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Readmissions After Acute Myocardial Infarction: How Often Do Patients Return to the Discharging Hospital?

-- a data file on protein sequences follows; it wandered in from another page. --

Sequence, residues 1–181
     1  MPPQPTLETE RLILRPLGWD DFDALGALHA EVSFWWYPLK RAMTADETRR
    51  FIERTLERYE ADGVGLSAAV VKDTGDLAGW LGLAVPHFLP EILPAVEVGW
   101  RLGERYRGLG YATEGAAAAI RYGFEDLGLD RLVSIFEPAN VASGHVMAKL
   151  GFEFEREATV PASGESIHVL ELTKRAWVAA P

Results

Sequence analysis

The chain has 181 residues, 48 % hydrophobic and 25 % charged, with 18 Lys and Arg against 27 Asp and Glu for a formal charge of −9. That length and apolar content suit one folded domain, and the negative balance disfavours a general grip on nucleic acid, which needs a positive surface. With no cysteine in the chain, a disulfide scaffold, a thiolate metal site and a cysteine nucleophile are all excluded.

Background When patients require readmission after a recent myocardial infarction (MI), returning to the discharging (index) hospital may be associated with better outcomes as a result of greater continuity in care. However, little evidence exists to answer this frequent patient question. Methods and Results Among Medicare patients aged ≥65 years discharged home alive post-MI from 491 US hospitals in the ACTION (Acute Coronary Treatment Intervention Outcomes Network) Registry, we compared reason for readmission, duration of rehospitalization, and 30-day mortality between patients readmitted to the index versus nonindex hospital within 30 days of index MI discharge. Among 53 471 MI patients, 7715 (14%) were readmitted within 30 days, and most readmitted patients (73%) returned to the discharging hospital. Reason for readmission was not significantly associated with location of readmission. In multivariable modeling, the strongest factors associated with readmission to a nonindex hospital were distance from the discharging hospital, transfer-in during the index MI hospitalization, and frequency of nonindex hospital admissions in the year preceding to the index MI. Duration of rehospitalization did not differ significantly between patients readmitted to the index versus nonindex hospital (median, 4 versus 3 days; P=0.17). Mortality risk was also not significantly different between patients readmitted to the index versus nonindex hospital overall (7.4 versus 7.7%; adjusted odds ratio, 0.89; 95% CI, 0.73-1.10) and when stratified by reason for readmission (P for interaction=0.61). Conclusions Post-MI readmissions did not differ in reason for readmission, duration of rehospitalization, or associated mortality when compared between patients who returned to the discharging hospital and those who sought care elsewhere.

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